From April 17th to April 19th, 2018, the Thomas Edison C.T.E. High School’s HOSA: Future Health Professionals Club traveled to Syracuse to attend the New York State Spring Leadership Conference. This conference was a competition during, which competitors are asked to complete various health and leadership tasks for medals and other awards.
The Thomas Edison C.T.E. Medical Assisting teacher, Dr. Savitzky, took a group of twenty-five students who accumulated a total of thirty-two medals and four other awards during the competition, which was a new Thomas Edison record.
“I think every time that we win at these competitions, it gets the kids more excited and they start to ask more of their friends. So, because we had such a great result last year when we went to states and we got to go to the competition after states; we go to what’s called the International Leadership Conference. Last year it was held down in Orlando at Disney World. The kids came back from states and from nationals talking so much about it that it increased my membership of HOSA members at the school this year,” said Dr. Savitzky, ”27% of the members this year are actually students who are not in Medical Assisting.”
In preparation for the competition, the HOSA group was trained, partially, in class. Other portions of training had to be done after school hours and at home. Two students from Edison had to learn CPR and become CPR certified before entering the competition. Even with training, there were members of HOSA that were on their own during the competition. Events, such as extemporaneous writing and extemporaneous health poster, were impossible for students to prepare for in advance as topics were made available for students until the day that they arrived at the competition.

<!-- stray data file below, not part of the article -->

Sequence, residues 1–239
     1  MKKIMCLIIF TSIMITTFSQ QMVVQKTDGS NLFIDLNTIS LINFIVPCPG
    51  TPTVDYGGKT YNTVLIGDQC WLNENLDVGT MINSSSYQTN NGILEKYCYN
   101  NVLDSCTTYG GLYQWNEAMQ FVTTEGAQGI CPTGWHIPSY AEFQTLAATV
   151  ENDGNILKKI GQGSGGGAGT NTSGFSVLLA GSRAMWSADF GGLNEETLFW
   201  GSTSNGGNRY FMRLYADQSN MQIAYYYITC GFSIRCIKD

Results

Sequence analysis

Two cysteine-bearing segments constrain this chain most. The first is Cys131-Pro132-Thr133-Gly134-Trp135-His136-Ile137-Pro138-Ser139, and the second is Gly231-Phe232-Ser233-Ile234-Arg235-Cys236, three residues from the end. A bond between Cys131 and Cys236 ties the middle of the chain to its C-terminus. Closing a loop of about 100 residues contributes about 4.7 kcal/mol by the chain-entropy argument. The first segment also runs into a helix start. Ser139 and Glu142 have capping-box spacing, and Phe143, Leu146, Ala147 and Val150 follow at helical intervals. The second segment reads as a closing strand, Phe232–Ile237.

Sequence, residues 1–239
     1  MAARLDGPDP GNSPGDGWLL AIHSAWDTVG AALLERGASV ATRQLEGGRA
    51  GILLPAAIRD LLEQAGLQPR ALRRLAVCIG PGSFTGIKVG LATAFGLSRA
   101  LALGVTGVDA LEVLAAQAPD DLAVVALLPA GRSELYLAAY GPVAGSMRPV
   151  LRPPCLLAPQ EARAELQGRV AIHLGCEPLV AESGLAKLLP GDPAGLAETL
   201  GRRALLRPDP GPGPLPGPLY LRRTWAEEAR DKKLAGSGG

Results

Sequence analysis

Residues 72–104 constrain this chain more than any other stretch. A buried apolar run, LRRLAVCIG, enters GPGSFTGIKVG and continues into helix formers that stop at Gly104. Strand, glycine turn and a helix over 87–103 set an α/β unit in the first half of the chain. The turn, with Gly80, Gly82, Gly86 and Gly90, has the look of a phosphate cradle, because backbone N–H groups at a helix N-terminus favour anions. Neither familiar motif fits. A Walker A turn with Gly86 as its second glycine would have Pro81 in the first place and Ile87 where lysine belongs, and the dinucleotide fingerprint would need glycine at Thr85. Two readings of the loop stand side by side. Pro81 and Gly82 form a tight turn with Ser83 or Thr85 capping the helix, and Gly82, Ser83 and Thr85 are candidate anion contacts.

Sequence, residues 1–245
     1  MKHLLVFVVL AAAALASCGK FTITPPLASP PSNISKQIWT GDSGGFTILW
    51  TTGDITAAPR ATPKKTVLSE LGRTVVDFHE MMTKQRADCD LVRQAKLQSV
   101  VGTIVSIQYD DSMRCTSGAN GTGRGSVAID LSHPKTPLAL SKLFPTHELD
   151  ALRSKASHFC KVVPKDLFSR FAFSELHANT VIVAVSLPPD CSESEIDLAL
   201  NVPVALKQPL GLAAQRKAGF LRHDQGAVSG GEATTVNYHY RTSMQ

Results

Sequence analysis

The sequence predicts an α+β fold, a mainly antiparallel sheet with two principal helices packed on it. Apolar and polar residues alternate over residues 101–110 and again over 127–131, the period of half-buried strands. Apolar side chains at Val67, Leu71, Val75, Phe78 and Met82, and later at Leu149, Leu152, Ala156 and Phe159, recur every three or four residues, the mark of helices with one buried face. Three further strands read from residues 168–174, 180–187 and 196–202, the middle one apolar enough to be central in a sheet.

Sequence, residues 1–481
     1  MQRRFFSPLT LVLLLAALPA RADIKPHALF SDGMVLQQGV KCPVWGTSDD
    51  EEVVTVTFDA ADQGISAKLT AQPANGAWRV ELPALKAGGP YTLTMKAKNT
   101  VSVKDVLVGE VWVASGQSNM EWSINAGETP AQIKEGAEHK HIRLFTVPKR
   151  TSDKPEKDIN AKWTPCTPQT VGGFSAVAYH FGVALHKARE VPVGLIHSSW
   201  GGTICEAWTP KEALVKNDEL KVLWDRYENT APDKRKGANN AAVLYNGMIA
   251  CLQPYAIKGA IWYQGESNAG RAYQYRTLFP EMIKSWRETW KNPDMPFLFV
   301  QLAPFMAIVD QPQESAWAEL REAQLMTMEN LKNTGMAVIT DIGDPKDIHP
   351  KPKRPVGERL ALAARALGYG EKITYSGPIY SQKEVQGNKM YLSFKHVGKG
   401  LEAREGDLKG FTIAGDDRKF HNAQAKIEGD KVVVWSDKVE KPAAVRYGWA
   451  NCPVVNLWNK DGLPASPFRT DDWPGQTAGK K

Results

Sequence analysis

“At the beginning, it was very nerve wracking. Like, my hands were sweating. Me and my whole group were nervous, anxious, and had butterflies in our stomachs. Slowly, once we got in there, it got more fun and enjoyable. The good thing is that the opposing team was very nice, they were understanding as well. It was a good experience, and I would recommend it to anyone, even if they’re not in the healthcare field because you get to go against other schools and people that you have never met and you realize that they are really nice. It is a nice experience, and it is really fun,” said Salma Benitez, a junior at Thomas Edison, when describing the competition.
After the conference, the Edison HOSA: Future Health Professionals group came up with several words of advice based on their experience at the New York State Spring Leadership Conference for students who are looking to enter a competition.
“I think that waiting last minute and being nervous is something that really impacts how you do when you are competing. So, I would say, right before you go and compete, you take a nice well rested nap instead of staying up late and you practice for a little bit, but go to sleep feeling confident instead of stressing yourself out and self-doubting,” said Sofia Abadali, a student in Medical Assisting.
Maisha Uddin said, ”Everyone prepares, but I would suggest that people don’t over prepare because, for things like an interview or like a poster, you really have to stay true to your style because sometimes when you over prepare, you kind of underestimate your personality and how effective it can be in the competitions. It’s really important to know that you should show what you are, as a person…”
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